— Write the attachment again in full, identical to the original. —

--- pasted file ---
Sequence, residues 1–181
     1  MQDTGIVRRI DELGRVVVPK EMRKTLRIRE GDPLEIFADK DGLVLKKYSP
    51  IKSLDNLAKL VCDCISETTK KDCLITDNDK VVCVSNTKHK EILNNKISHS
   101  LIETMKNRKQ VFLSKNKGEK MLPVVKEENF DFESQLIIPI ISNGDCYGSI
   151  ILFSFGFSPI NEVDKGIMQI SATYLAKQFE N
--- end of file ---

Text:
Sequence, residues 1–181
     1  MQDTGIVRRI DELGRVVVPK EMRKTLRIRE GDPLEIFADK DGLVLKKYSP
    51  IKSLDNLAKL VCDCISETTK KDCLITDNDK VVCVSNTKHK EILNNKISHS
   101  LIETMKNRKQ VFLSKNKGEK MLPVVKEENF DFESQLIIPI ISNGDCYGSI
   151  ILFSFGFSPI NEVDKGIMQI SATYLAKQFE N